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Pilot to allow more flexible use of industrial space

  Published: 03 March 2017

In response to demand for more flexible use of industrial space, the Urban Redevelopment Authority (URA) and JTC will be piloting new land use guidelines at a multi-tenanted building to be developed by JTC and located within Woodlands North Coast on a site zoned Business 1-White.

The Woodlands pilot development will support manufacturing companies in co-locating their service-driven activities like R&D and after-sales support alongside their manufacturing operations. Companies that have offshored their lower value-added activities can also maintain their more knowledge-intensive activities here, while retaining close oversight of their operations overseas.

In addition, a wider range of uses will be allowed within the Business 1 component, including industrial-related uses that are closely linked to or provide critical support for the industrial sector. For example, engineering and industrial design activities that are currently not allowed in an industrial development would be allowed in the Woodlands pilot development, given that these activities play a key role in the manufacturing value chain.
Clear-cut commercial and other non-industrial activities will continue to be disallowed within the Business 1 component. For example, commercial uses such as accountancy firms, insurance companies, property consultancy companies, maid agencies, travel agencies, and tuition centres will not be supported in the Business 1 component. If such uses are proposed, they would have to be within the White component of the pilot development.

Given the constraints of land in Singapore, the Government has always safeguarded for industrial activities through land use zoning1. However, we recognize that business structures and needs are evolving. More manufacturing companies are shifting their business models from production-led to service-driven activities, or agglomerating their functions across value chains – some are growing their R&D, prototyping, sales/after-sales and other “services”-type activities, and do so alongside their core manufacturing activities so that all functions across their product development cycle are well-integrated.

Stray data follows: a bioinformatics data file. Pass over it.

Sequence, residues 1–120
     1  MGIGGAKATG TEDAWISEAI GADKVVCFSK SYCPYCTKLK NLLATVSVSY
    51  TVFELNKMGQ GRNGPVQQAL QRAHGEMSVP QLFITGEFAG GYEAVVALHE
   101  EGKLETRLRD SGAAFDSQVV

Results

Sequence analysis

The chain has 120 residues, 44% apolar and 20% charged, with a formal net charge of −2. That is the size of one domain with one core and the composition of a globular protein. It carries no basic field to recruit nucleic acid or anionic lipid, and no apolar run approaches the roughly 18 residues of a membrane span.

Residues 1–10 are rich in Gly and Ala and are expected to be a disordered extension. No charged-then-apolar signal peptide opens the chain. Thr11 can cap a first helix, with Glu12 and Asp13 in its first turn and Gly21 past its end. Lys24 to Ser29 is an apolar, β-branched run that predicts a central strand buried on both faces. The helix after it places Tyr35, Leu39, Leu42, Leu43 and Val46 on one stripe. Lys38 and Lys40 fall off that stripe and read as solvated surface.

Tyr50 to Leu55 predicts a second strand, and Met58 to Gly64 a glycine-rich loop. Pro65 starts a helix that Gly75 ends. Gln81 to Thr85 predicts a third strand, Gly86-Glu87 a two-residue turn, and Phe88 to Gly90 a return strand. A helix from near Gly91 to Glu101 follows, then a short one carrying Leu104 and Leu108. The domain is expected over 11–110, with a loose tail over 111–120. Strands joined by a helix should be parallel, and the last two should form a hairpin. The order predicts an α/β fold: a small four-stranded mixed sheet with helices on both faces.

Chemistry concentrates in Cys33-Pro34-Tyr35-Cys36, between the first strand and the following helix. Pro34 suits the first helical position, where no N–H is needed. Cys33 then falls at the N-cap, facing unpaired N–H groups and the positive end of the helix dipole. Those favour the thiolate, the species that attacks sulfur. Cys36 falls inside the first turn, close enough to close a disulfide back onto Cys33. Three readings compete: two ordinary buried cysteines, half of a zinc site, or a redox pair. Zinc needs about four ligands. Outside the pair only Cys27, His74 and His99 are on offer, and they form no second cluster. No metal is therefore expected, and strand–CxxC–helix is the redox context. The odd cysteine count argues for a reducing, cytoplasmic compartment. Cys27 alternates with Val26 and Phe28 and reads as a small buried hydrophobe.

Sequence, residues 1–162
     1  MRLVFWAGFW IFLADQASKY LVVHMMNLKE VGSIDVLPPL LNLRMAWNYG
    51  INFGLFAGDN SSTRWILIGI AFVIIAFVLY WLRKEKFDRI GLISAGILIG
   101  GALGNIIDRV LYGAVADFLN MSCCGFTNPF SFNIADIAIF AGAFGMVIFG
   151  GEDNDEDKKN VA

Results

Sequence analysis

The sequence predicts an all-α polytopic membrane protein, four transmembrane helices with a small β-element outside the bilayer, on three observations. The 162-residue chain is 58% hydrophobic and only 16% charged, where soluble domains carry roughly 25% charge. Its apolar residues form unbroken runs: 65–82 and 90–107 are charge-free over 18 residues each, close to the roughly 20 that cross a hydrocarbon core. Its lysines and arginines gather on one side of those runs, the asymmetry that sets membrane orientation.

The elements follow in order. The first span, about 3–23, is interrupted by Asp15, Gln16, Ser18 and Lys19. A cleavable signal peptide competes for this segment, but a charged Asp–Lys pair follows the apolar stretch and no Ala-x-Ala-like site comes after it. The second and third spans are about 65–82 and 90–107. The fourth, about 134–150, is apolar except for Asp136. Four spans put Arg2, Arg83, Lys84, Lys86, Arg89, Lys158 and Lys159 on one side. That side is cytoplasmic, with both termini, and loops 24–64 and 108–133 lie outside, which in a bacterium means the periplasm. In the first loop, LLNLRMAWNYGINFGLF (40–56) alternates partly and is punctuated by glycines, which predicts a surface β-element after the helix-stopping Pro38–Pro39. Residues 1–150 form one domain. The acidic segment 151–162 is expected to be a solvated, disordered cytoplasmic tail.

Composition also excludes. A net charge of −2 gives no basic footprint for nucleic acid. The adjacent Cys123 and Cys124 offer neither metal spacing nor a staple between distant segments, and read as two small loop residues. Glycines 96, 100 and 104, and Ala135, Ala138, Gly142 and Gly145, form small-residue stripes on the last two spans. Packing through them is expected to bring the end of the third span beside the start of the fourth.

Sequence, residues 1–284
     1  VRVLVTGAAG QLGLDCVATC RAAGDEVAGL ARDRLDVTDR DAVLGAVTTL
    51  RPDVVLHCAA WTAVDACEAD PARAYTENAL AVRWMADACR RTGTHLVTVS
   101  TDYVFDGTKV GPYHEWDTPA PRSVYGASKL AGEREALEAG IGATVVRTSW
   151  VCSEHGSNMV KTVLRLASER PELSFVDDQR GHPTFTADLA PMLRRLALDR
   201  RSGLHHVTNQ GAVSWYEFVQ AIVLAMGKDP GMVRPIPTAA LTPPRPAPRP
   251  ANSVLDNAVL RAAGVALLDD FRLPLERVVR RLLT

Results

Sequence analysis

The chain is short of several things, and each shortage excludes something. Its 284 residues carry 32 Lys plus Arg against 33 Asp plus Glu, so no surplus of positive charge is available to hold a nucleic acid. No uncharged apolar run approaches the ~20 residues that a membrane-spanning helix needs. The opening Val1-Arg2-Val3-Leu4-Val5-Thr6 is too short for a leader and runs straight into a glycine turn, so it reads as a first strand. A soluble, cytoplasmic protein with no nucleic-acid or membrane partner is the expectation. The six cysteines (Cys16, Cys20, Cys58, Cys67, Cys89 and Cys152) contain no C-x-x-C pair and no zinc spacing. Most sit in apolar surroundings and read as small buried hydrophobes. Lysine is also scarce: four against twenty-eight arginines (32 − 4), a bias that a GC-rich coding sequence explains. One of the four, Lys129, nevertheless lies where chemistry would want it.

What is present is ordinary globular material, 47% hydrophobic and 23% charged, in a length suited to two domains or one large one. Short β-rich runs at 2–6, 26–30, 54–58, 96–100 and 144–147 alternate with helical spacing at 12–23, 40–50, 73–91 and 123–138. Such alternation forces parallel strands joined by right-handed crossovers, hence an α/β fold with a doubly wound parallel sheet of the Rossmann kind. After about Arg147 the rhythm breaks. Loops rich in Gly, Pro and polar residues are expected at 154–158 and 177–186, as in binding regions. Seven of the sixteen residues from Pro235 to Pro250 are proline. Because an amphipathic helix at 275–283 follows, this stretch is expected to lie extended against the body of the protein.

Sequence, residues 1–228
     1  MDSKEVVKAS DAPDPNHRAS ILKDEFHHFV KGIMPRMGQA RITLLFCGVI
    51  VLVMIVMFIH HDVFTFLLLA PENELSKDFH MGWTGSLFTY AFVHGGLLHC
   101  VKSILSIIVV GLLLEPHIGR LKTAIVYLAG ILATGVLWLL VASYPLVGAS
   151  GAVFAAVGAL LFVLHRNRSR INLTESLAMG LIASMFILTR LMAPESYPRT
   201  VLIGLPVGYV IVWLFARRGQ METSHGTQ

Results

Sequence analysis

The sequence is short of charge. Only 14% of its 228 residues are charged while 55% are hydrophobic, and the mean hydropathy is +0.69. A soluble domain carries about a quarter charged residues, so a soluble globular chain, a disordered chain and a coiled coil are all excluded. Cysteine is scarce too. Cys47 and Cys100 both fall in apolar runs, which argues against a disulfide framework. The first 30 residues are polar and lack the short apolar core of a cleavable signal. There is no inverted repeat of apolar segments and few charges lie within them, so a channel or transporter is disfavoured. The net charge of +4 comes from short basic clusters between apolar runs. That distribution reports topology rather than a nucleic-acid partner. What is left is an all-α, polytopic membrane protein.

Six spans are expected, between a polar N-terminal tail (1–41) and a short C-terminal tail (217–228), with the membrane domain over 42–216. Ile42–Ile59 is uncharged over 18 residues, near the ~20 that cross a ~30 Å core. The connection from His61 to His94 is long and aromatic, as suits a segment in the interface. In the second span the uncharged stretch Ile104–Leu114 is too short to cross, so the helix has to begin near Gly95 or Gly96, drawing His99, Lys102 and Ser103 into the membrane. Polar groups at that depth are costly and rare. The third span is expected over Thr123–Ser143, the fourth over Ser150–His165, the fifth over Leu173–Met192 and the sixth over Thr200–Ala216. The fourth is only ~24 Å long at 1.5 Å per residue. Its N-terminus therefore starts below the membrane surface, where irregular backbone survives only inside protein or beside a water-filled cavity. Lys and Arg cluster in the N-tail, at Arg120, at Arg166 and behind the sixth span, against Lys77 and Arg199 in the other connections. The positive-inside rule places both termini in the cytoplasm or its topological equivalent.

This is why over the years, URA has progressively updated and revised its industrial land policies. In the 1990s, URA introduced the Business Park zone to better integrate manufacturing with knowledge-intensive activities. In the 2000s, URA introduced e-business and media guidelines (which were further updated in 2014) to better cater to IT and media-related business activities. Zones like Business Park-White and Business-White were also introduced in 2001 and 2003 to provide greater flexibility to combine industrial uses with other compatible uses such as commercial activities. Hence, the existing guidelines already provide flexibility for companies to carry out a range of production, assembly, and warehouse functions, including Industry 4.0 technologies and processes such as autonomous robots, big data and analytics, additive manufacturing, as well as horizontal and vertical system integration.

This pilot represents a continuation of the efforts to respond to changing industry needs. The government will closely monitor the market receptiveness and feedback for the pilot and study the applicability of various features to other locations. Meanwhile, it will also continue to review land use policies for industrial zones to ensure they remain relevant, taking into consideration trends in the manufacturing sector, other emerging sectors, as well as the needs of industrialists.


1 For instance, one of the guidelines is that at least 60 per cent of the total floor area of the development should be used for core industrial activities. These include manufacturing of goods, assembly and repair workshops, and warehouse and storage facilities. A maximum of 40 per cent of the total floor area can be used for ancillary uses that support the predominant business activity, such as staff meeting rooms, industrial canteens, ancillary offices, and circulation areas such as corridors, lifts, and toilets.